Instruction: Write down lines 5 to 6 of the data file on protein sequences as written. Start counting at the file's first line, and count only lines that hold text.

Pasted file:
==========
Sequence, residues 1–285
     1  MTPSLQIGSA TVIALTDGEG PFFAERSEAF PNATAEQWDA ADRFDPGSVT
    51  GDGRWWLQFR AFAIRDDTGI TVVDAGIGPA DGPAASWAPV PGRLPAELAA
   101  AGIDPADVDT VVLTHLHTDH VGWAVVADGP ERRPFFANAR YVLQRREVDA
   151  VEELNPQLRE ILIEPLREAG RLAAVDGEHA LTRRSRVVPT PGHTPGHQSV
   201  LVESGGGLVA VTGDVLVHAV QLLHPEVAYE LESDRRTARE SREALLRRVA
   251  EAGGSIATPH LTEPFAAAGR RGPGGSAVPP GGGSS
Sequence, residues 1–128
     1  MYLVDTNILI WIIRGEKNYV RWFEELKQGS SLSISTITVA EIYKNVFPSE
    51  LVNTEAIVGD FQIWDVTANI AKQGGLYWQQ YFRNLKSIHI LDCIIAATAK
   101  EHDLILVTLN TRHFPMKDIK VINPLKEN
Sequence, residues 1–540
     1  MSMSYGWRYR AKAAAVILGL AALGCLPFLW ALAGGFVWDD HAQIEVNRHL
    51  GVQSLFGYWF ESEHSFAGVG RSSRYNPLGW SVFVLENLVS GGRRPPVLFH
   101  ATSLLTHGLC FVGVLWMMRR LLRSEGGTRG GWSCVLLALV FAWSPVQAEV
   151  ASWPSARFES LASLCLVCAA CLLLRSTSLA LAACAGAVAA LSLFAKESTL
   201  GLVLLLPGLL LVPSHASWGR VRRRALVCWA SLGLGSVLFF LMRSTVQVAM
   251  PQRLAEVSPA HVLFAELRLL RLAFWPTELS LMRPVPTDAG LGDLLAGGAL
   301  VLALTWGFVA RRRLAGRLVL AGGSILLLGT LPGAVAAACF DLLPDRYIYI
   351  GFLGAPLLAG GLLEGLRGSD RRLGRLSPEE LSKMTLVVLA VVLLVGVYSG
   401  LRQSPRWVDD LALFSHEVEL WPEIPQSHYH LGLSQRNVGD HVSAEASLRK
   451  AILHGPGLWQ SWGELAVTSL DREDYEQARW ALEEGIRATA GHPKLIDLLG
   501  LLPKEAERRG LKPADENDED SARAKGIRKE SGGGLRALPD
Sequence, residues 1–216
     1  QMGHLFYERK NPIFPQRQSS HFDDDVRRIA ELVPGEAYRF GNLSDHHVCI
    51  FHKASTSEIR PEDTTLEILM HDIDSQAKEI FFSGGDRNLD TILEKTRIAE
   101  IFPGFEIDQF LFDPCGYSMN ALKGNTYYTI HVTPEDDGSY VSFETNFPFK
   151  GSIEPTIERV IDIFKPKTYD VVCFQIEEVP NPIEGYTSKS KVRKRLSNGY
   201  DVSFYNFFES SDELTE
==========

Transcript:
   151  VEELNPQLRE ILIEPLREAG RLAAVDGEHA LTRRSRVVPT PGHTPGHQSV
   201  LVESGGGLVA VTGDVLVHAV QLLHPEVAYE LESDRRTARE SREALLRRVA